Advertisement

Russia-Ukraine situation ‘extremely volatile’, Joly says as cyberattacks raise concern

Click to play video: 'Canada to offer $500M loan and $7.8M worth of weapons, ammunition to Ukraine: Trudeau' Canada to offer $500M loan and $7.8M worth of weapons, ammunition to Ukraine: Trudeau
WATCH: Canada to offer $500M loan and $7.8M worth of weapons, ammunition to Ukraine: Trudeau – Feb 14, 2022

Canada’s foreign affairs minister says the threat of a Russian invasion of Ukraine remains high as cyberattacks undermined earlier optimism Tuesday that the Kremlin might be drawing down its military forces.

“The latest information I have is that the threat is real and imminent,” Foreign Affairs Minister Melanie Joly told The Canadian Press Tuesday. “Everybody’s taking this by the hour. Things have been moving; the situation is extremely volatile.”

Read more: Ukrainian army, major banks hit by cyberattacks as Russian military threat looms

Joly said Canada and its NATO allies want to see actual proof that Russia has reduced its 130,000-strong troop deployment along Ukraine’s borders beyond video imagery of Russian heavy artillery being loaded onto transports with no specific details about where that might be happening.

“We even think that this could be a campaign of disinformation launched by Russia,” she said.

Story continues below advertisement

On Tuesday, after a meeting in Moscow with German Chancellor Olaf Scholz, Russian President Vladimir Putin said he doesn’t want war and is looking to hold peaceful discussions with the West to ease what has become its worst crisis with Russia since the Cold War.

Click to play video: 'Russia-Ukraine standoff: ‘Invasion remains distinctly possible,’ Biden says' Russia-Ukraine standoff: ‘Invasion remains distinctly possible,’ Biden says
Russia-Ukraine standoff: ‘Invasion remains distinctly possible,’ Biden says – Feb 15, 2022

Putin said he was willing to talk further about limiting the deployment of intermediate range missiles in Europe, and other transparency and confidence-building measures.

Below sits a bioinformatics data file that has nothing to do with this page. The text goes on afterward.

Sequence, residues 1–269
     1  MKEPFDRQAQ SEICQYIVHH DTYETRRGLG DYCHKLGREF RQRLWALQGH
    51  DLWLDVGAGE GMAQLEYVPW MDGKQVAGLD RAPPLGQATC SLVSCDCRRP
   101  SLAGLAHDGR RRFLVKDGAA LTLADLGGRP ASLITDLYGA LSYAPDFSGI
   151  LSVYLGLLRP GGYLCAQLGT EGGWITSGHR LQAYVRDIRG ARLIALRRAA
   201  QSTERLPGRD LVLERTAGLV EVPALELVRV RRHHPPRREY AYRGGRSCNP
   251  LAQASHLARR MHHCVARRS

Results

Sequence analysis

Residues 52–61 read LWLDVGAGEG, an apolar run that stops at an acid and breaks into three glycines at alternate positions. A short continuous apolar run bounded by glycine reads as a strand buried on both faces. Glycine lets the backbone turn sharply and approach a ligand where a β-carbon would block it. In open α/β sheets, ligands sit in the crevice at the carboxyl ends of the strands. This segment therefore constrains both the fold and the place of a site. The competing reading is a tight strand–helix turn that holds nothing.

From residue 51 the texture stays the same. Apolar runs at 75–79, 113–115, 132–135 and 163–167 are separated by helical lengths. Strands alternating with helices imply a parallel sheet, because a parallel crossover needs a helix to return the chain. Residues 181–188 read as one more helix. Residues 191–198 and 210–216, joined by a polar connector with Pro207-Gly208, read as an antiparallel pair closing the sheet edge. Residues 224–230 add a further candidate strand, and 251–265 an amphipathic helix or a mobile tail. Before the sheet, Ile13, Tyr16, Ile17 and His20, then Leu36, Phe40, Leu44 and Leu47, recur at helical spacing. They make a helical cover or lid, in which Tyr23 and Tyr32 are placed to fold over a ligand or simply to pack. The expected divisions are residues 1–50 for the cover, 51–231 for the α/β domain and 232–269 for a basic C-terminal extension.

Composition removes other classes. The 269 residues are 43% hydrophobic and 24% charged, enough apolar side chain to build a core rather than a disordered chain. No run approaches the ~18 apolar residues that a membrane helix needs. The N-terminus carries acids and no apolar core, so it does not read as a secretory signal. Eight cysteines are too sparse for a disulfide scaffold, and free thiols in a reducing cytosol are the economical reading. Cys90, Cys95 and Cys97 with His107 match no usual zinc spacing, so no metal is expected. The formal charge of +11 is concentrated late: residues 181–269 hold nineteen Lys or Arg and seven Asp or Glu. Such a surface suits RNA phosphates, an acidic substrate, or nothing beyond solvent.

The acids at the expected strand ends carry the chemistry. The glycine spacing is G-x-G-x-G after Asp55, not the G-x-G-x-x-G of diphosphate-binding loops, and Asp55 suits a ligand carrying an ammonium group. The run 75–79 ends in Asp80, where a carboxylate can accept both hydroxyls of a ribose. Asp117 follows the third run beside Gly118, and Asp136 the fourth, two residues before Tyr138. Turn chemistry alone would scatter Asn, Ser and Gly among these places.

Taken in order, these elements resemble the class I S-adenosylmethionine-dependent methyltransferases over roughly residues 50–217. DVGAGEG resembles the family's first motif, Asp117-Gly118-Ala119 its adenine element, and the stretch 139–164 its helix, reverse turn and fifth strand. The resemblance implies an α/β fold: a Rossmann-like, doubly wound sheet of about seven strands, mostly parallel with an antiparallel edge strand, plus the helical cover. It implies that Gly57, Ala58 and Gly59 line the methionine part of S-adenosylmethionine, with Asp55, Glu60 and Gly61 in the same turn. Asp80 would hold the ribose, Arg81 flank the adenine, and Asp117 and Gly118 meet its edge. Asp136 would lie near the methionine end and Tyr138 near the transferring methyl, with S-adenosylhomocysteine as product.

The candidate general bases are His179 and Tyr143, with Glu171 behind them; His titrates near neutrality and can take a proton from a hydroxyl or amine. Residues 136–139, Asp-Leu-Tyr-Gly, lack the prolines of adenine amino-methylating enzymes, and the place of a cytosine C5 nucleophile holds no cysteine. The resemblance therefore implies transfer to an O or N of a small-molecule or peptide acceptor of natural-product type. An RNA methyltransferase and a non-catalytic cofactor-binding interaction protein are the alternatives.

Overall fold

“We’ll use every single way to launch diplomatic conversations. But meanwhile, Russia needs to show their intent by de-escalating. That’s really, really important,” Joly said.

Read more: Some Russian troops near Ukraine returning to base, Kremlin says

NATO Secretary-General Jens Stoltenberg said in Brussels that there were no signs of Russian troop levels dropping on the Ukrainian borders, but there was still reason to be cautiously optimistic about the diplomatic efforts.

Story continues below advertisement

Joly spoke shortly after the prospect of a Russian invasion seemed to ease with Putin’s latest public remarks.

But then a series of cyberattacks hit Ukrainian government departments and banks, knocking them off-line.

Joly said she was extremely concerned by the cyberattacks and had spoken to her Ukrainian counterpart, Dmytro Kuleba, for more details.

Click to play video: 'Russia-Ukraine standoff: Foreign minister says NATO views Canada as one of ‘lead countries’ aiding Ukraine' Russia-Ukraine standoff: Foreign minister says NATO views Canada as one of ‘lead countries’ aiding Ukraine
Russia-Ukraine standoff: Foreign minister says NATO views Canada as one of ‘lead countries’ aiding Ukraine – Jan 31, 2022

On Monday, Prime Minister Justin Trudeau said Canada would give Ukraine a $500-million loan and $7.8 million worth of lethal equipment and ammunition. Until then, Canada had been reluctant to provide weapons to Ukraine, but Joly said the decision was taken to join other countries in supplying the weapons because of the risk of invasion was so high.